PAUL DAVISON hailed a “fantastic” Barbican experience as he bowed out of the UK Championship in York, writes Steve Carroll.

The Pickering potter was on course for a major shock as he led world number seven Shaun Murphy 3-0 in their last 64 clash in the main arena.

But the Magician dominated after the interval and gave Davison, on his Barbican debut, few chances to spring a surprise in what is snooker’s second biggest tournament.

“The experience was fantastic. I have loved every second of it,” said Davison.

“It drives you on to want more. There was nothing better than playing in the UK at the Barbican and it was definitely worth the wait.”Davison, who had shared the stage with fans’ favourite Ronnie O’Sullivan on an adjacent table, said he felt relaxed throughout his time in the spotlight in front of a sell-out crowd.

“The arena was great. I was a bit more relaxed and I really enjoyed it. The atmosphere went down a bit when everyone was leaving after Ronnie O’Sullivan had finished. It went a little flat.

“I dominated the first four frames and I had half a sniff to be 4-0 up. I was happy to be 3-1 up but, the next four frames and after that, that’s as good matchplay snooker as you will see.”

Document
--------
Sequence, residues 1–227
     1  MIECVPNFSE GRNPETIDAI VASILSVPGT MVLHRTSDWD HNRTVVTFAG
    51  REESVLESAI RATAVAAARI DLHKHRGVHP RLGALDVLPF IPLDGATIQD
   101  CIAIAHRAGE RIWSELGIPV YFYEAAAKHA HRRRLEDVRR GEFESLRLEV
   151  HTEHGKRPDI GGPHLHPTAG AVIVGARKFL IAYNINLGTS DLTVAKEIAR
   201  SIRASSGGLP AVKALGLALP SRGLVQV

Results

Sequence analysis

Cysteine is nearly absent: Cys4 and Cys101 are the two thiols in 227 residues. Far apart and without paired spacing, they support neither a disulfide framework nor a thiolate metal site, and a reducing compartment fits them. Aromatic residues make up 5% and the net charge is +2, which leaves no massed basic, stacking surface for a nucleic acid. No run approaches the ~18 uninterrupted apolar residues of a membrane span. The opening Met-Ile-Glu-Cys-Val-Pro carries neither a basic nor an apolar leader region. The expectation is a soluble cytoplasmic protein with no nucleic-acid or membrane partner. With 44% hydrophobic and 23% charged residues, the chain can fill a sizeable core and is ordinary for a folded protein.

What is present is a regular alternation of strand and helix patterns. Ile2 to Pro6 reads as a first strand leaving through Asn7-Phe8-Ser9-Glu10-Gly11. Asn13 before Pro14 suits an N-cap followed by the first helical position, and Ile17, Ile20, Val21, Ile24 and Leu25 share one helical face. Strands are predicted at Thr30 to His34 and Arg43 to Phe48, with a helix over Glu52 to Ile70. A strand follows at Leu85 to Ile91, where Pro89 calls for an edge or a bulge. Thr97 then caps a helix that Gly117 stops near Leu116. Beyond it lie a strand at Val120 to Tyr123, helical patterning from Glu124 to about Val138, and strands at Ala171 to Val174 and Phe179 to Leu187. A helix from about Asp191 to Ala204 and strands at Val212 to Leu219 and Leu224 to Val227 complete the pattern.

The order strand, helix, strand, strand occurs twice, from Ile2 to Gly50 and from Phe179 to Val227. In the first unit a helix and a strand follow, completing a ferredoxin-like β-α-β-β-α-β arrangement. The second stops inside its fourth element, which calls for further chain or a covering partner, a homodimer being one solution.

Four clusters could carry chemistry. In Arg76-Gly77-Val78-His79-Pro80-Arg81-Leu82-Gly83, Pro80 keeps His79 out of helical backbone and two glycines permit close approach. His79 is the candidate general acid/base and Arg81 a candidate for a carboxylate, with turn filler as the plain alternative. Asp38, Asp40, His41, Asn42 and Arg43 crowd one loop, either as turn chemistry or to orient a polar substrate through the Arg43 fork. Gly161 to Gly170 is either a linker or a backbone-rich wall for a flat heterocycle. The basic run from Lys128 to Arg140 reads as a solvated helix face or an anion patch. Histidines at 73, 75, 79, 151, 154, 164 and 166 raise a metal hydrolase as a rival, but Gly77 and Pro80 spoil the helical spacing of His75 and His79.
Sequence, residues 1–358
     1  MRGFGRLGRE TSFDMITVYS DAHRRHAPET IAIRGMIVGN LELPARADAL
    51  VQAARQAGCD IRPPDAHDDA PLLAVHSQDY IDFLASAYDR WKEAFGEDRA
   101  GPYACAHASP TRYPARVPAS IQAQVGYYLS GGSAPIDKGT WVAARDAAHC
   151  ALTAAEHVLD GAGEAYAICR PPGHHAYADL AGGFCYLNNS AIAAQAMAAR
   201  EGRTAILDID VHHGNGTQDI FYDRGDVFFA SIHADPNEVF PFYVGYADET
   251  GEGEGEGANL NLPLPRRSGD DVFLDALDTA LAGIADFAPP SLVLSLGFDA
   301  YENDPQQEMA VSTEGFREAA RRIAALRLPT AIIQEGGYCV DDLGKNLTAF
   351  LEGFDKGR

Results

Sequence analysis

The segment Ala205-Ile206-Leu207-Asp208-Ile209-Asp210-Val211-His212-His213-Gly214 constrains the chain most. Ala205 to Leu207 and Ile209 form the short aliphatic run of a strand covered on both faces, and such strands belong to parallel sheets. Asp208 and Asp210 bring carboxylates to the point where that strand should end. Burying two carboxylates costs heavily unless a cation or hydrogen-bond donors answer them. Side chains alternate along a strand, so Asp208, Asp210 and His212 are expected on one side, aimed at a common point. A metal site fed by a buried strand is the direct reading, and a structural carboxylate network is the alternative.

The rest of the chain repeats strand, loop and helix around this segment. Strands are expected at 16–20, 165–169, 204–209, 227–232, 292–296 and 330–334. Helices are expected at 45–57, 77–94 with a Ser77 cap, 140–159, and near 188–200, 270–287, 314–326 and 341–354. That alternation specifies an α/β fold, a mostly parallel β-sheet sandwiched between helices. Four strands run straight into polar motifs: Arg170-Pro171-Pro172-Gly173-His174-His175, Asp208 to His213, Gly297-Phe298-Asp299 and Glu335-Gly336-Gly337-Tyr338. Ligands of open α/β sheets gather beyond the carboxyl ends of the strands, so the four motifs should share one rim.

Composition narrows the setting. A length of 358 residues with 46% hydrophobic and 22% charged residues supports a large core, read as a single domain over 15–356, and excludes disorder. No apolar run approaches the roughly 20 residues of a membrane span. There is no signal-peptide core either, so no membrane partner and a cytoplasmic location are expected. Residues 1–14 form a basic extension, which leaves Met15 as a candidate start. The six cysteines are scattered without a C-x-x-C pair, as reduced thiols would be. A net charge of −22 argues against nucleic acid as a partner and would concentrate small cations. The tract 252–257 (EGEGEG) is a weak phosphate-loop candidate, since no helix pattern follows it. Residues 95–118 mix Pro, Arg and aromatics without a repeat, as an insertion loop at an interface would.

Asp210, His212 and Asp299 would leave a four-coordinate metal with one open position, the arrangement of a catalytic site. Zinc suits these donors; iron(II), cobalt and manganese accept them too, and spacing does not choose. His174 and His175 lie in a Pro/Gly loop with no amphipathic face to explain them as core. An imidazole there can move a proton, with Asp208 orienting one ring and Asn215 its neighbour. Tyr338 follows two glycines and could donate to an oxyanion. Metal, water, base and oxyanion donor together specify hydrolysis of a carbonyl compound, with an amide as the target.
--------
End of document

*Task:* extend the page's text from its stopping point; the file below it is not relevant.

The North Yorkshire cueman, left, had reached the second round after a 6-4 win over Gerard Greene last Thursday. The odds were stacked against him for Saturday’s televised encounter, but he got off to a perfect start – grinding out the first frame and then striking a sumptuous 88 break.

When he went 3-0 up, following a brilliant shot to pot a red and free the brown off the left cushion, Davison had Murphy “very concerned”.

But a missed pink with the rest gave the former world champion a glimpse in the next and it was all he needed.

Murphy took that last frame before the mid-session interval, and was rampant after the interval, bagging decisive breaks of 78, 80 and 65 as he secured six frames in a row.

Davison did not dwell on the negatives. “I don’t think I did too much wrong,” he said. “I’m disappointed I lost from 3-0 up but he’s won it more than I have lost it so it’s not like I have thrown it away.”

Murphy admitted Davison had been a very difficult opponent, saying: “Paul is a gritty player and got good local support.

“I was very concerned. It got to 3-0 and I thought, ‘here we go again – it’s another day of trying hard and getting nothing for it’.

“It’s hard to get going if your opponent doesn’t give you a chance. In the first three frames he was very tight and he didn’t give me any chances. At 3-0 down I had to keep believing.

“I got my first real chance in the fourth frame and took it. That was a little positive step.

“I was just relieved I carried on in the vein I had before the interval – I got a few chances and put them away.”